A Primer on Wisconsin Bankruptcy Exemptions

How can I protect my property if I file for Chapter 7 bankruptcy?

Even though the number of bankruptcy filings in the state of Wisconsin has fallen to pre-recession levels, many individuals still may be faced with insurmountable debt burdens, in which case filing for bankruptcy may be the only option.

Eligibility for Bankruptcy

An individual whose income is less than the median for a household of a similar size is generally eligible for Chapter 7. If the debtor’s income is above the median, Chapter 7 may still be available provided that a means test of expenses and payments shows that the individual’s income is insufficient to meet those needs. Prior to filing for bankruptcy, it is necessary for an individual to receive credit counseling, within 6 months before filing, from an agency approved by the U.S. Trustee in the state.  It is also necessary to take a debtor education course after filing before a discharge will be granted.

Wisconsin Bankruptcy Exemptions

While filing Chapter 7 bankruptcy is a difficult endeavor, it does not necessarily mean that a debtor will be forced to sell all of his or her property. In fact, certain property is protected, or exempt, from being sold to pay off debts. In Wisconsin, a debtor who is filing a bankruptcy petition has the ability to choose between Federal and  state exemptions.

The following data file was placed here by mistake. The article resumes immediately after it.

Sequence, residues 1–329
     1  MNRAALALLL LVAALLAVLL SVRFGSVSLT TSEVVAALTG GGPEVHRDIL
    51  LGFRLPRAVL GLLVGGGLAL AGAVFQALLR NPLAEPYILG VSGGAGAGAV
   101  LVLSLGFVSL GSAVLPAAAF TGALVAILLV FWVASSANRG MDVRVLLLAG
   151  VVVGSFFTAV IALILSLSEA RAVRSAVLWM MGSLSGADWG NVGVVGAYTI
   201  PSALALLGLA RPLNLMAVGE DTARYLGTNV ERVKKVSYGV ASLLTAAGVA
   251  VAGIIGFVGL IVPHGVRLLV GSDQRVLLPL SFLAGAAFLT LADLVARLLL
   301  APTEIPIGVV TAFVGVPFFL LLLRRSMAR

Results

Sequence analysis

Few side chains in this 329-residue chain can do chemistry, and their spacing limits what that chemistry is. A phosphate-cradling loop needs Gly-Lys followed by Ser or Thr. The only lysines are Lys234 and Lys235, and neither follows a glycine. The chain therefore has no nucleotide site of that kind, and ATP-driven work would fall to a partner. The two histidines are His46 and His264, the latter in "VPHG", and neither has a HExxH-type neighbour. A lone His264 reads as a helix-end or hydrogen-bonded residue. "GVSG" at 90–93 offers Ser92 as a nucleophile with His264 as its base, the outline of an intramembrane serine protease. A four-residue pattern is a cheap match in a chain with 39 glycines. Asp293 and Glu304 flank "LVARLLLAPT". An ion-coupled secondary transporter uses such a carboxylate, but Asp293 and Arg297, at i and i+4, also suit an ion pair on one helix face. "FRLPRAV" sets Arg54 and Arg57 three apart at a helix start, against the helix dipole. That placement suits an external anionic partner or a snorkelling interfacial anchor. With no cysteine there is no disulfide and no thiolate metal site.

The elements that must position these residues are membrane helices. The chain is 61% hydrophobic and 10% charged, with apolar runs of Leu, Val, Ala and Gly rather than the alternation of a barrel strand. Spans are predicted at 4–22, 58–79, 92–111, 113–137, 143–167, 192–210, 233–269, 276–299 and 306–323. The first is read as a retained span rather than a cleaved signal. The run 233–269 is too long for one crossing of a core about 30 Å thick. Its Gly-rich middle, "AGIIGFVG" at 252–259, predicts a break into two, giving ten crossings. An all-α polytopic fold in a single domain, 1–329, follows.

Some of the exemptions available in Wisconsin include:

  • Residential Property – up to $75,000  in a residential dwelling, $150,000 for married couples filing jointly
  • Motor Vehicles ­- up to $4,000 in motor vehicles
  • Wages – 75% of net weekly income
  • Personal Property – up to $12,000 in the total value of household goods and furnishings, clothing, jewelry, appliances, books, firearms, sporting goods and other tangible personal property

Other exemptions include savings accounts up to $1,000, personal injury (up to $50,000) and wrongful death settlements, insurance benefits (including Federal disability benefits, fire and accident insurance proceeds, un-matured life insurance policies and annuities, and life insurance payments). In addition, pensions are exempt for certain municipal employees, firefighters and police officers, military personnel, and other public employees.

Moreover, public benefits such as social security, unemployment compensation and Veteran’s war pension benefits are also exempt. Finally, Wisconsin bankruptcy also exempts certain other property. Understanding these exemptions and navigating a bankruptcy petition, however, require the skills of an experienced bankruptcy attorney.